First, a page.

The sacredness and value of marriage in modern society is being completely lost. Look around! The proof is everywhere. From Kim Kardashian’s apparent publicity stunt of a 72-day marriage to the more common practice of being married in a “Little White Chapel” by a man who claims to be Elvis, one begins to question the value of a commitment to another person. In case those examples didn’t exemplify my point, here’s a new develop in ignorance: Leftist lawmakers in Mexico City are trying to make it possible for newlyweds to avoid divorce by giving them an easy exit strategy, access to temporary marriage licenses. While this is not a piece of legislation that is a part of current American culture, the idea has been planted. Who’s to say this will or will not be put into action in our own country? It’s important that we as a nation stand firm in our belief in commitment and emphasize the stability of our family structures. The proposed reform would allow couples to determine the length of their marriage, essentially doing away with lifetime commitment. "The proposal is, when the two-year period is up, if the relationship is not stable or harmonious, the contract simply ends," said Leonel Luna, the Mexico City assemblyman who co-authored the bill. The contracts would include provisions on how children and property would be handled if the couple decides to split after the two years. Why only two years? According to MSNBC, approximately half of Mexico City marriages end in divorce, usually in the first two years.
Do I think if a marriage is miserable that a couple has every right to call it quits? Of course. Do I think marriages should have trial-runs like rental cars or computers do? No, absolutely not. Saying marriage is a trial is saying there is a great chance it will not work out. Think about it: Couples would be walking into a relationship with the preconceived notion that the partnership isn’t even going to work out! If that isn’t a recipe for disaster, I don’t know what is.
Partnership is about knowing how to make decisions together. The decision will be more serious and thoughtful if one has to truly consider the level of commitment and treat the companion as a life partner and not a rent-a-partner. The decision will force individuals to consider the relationship in terms of how the couple argues, makes decisions, shares goals and truly loves each other. “Give it a whirl” is not the basis for a meaningful relationship that withstands time and trends.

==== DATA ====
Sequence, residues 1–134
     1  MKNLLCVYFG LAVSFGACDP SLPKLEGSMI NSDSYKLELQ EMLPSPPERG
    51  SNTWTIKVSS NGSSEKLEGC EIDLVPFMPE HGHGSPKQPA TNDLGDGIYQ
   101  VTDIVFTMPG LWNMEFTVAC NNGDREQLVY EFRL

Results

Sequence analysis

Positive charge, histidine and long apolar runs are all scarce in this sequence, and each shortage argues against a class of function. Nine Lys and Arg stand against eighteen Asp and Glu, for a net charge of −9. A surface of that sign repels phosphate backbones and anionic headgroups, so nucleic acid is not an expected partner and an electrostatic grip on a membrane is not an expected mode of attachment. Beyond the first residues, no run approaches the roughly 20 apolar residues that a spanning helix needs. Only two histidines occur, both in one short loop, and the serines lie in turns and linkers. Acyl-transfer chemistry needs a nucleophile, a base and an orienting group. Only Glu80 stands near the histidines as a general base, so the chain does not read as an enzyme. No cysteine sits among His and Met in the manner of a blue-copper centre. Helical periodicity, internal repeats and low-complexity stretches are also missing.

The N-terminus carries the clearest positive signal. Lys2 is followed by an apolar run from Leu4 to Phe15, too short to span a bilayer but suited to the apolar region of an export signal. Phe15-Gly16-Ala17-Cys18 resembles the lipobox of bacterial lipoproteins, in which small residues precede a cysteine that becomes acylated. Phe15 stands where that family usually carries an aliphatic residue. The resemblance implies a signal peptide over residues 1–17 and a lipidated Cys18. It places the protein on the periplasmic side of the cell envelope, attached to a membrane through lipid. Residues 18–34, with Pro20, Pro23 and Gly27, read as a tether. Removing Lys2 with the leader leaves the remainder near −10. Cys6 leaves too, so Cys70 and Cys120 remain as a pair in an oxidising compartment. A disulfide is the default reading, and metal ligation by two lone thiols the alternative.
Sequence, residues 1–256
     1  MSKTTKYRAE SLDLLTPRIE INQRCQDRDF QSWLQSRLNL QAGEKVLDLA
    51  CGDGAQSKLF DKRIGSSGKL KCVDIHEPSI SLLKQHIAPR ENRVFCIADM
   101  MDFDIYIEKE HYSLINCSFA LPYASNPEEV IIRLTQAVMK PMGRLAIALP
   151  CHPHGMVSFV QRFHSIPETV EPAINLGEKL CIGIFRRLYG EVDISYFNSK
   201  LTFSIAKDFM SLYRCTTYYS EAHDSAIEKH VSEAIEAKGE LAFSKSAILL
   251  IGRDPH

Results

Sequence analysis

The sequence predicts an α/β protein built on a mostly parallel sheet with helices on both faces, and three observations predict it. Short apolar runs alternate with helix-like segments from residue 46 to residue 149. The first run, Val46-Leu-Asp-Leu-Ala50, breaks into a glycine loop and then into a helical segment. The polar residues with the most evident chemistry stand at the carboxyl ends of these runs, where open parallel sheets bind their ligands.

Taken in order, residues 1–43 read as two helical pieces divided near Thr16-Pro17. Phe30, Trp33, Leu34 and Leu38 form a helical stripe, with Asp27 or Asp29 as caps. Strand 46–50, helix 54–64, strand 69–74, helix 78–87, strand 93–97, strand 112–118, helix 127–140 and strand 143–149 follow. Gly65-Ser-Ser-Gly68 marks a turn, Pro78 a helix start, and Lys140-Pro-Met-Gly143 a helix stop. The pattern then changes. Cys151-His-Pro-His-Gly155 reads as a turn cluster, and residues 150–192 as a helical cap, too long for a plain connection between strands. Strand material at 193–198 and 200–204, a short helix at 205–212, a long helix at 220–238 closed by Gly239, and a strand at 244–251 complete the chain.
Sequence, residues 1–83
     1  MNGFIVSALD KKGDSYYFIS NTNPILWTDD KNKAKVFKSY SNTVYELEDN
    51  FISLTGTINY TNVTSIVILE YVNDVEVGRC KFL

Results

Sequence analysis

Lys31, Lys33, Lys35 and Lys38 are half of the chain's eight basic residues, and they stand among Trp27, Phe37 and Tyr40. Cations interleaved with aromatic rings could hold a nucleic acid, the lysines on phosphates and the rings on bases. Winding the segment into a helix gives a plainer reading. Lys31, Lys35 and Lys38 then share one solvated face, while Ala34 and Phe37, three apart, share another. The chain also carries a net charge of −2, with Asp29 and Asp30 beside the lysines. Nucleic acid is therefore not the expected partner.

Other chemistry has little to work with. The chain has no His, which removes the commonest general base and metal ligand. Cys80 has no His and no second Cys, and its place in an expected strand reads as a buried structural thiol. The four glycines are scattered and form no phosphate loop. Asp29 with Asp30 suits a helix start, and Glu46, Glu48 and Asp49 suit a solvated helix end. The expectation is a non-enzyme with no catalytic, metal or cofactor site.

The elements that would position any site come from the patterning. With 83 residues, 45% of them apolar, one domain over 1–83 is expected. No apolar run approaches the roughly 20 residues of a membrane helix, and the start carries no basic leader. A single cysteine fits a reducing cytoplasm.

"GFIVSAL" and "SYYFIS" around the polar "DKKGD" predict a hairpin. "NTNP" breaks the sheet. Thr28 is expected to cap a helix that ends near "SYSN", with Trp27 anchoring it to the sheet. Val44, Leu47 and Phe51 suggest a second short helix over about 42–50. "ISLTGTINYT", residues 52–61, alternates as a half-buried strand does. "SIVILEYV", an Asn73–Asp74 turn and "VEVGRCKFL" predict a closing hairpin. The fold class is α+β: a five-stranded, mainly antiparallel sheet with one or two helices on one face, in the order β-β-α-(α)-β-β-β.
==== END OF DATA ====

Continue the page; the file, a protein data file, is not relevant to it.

You can’t tell me there isn’t going to be devastation and emotional upheaval of the end of a relationship. You will still have some financial distress in terms of things you have purchased together. What if there happens to be a pregnancy? Now a child has been brought into this trial-run, which changes the game completely.
This relationship trial does not work cohesively. There is always the possibility that one person is trying to make it work and the other has just found an easy way out. All relationships have rough patches. If your rough patch happens to fall on the eve of the end of the contract, instead of working through the problem for the better of the family, then that just becomes an escape hatch. Instead of working through something that otherwise would have been a minor problem, the couple may end up making an emotional decision that could end up ruining a life. “In sickness and in health”? The promise of these vows is no longer, because if something gets a little uncomfortable or difficult, have no fear — contract is up!
Children learn by watching, and this proposed law is teaching little children that it’s OK to not be committed, which is not beneficial to future generations and the development of the culture of society. We need to be developing stronger, not weaker, family units. Relationships, people and the children as a result of these relationships are not disposable. We need to focus on building up families by making bonds stronger rather than making it easy to move from one partner to another. It is our responsibility to send a message to other countries, as well, about the value of binding, loving and committed relationships.
By Elizabeth Reeves